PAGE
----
In connection with the above, we asked the press information officer of the 71st Mechanized Battalion, Capt. Radek Hampl, the following questions:
1) What needs to be serviced or repaired on the BVP as part of transitions and routine maintenance?
All equipment and weapons of the vehicle are serviced. The vehicle's paintwork is repaired, damaged or worn parts are repaired or replaced. It is a set of operations described in the regulation Tank-26-7. From cleaning the crew helmets to repairing the paint on the underside of the chassis.
Basic maintenance is performed once every 14 days. This maintenance is performed by the driver and includes inspection of all vehicle systems, their tightness, functionality and completeness. Furthermore, the lubrication of the vehicle is checked according to the lubrication schedule.
Preparation of equipment for seasonal operation (PTSP) consists of preparation of the hull, adjustment of the air supply to the engine, preparation of the fuel, cooling and air system, preparation of the chassis, preparation of the cleaning equipment of observation devices. Then there is the preparation of fire protection equipment, preparation of vehicle equipment, inspection of the electric starter, treatment of batteries, treatment of paint and elimination of faults in the entrance control. PTSD on weapons is performed separately.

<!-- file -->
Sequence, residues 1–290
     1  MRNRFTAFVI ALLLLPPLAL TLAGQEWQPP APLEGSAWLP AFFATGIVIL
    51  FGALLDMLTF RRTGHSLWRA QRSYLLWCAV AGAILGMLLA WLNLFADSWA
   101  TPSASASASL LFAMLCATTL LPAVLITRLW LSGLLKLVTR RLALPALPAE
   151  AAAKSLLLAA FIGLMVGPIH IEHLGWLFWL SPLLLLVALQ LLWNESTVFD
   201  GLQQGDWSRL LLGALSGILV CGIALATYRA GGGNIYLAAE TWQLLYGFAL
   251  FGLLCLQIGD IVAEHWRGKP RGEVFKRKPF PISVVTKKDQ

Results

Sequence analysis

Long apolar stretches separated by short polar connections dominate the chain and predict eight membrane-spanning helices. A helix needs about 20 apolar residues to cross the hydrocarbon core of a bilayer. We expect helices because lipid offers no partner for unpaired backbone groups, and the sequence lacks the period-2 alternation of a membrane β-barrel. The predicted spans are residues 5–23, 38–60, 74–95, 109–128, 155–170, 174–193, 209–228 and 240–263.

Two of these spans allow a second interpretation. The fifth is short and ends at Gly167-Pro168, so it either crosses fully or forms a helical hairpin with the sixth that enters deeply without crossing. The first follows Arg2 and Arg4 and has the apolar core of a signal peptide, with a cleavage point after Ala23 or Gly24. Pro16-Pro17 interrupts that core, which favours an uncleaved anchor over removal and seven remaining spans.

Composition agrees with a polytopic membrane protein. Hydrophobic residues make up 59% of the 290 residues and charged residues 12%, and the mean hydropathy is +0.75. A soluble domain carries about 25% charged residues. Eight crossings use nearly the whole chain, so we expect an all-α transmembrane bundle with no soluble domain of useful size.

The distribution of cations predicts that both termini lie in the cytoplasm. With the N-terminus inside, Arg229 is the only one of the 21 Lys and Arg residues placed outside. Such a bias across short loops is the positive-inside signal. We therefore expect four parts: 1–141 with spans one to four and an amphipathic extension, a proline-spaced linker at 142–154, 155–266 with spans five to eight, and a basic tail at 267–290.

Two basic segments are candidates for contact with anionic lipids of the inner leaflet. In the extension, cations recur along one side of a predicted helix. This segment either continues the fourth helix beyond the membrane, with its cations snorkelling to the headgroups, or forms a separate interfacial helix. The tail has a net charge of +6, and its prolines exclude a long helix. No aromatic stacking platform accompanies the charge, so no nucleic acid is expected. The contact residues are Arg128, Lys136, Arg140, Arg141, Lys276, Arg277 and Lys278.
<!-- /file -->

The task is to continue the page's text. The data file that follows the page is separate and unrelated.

2) How long does it take on average to work on one BVP within transitions and routine maintenance?
It depends on the number of soldiers who help. The complete crew should participate, but due to the busy schedule of troops in courses and other activities, the preparation is mostly carried out only by the driver and the gunner. It is very individual for each BVP due to the age of the vehicles and their use. It can take 1 week but also 2 months. Routine maintenance after use, etc. can be done in 1 to 2 days.
According to the regulation, the time for performing PTSD is 300 minutes, but in reality this activity requires double the time. This maintenance is performed by 1 person. Routine maintenance - basic maintenance - is then performed once every 14 days and the time for its execution is 240 minutes according to the regulations. This maintenance is performed by 2 people.
3) This routine maintenance is sufficient or extraordinary repairs are in progress. At what frequency? What is the most faulty part?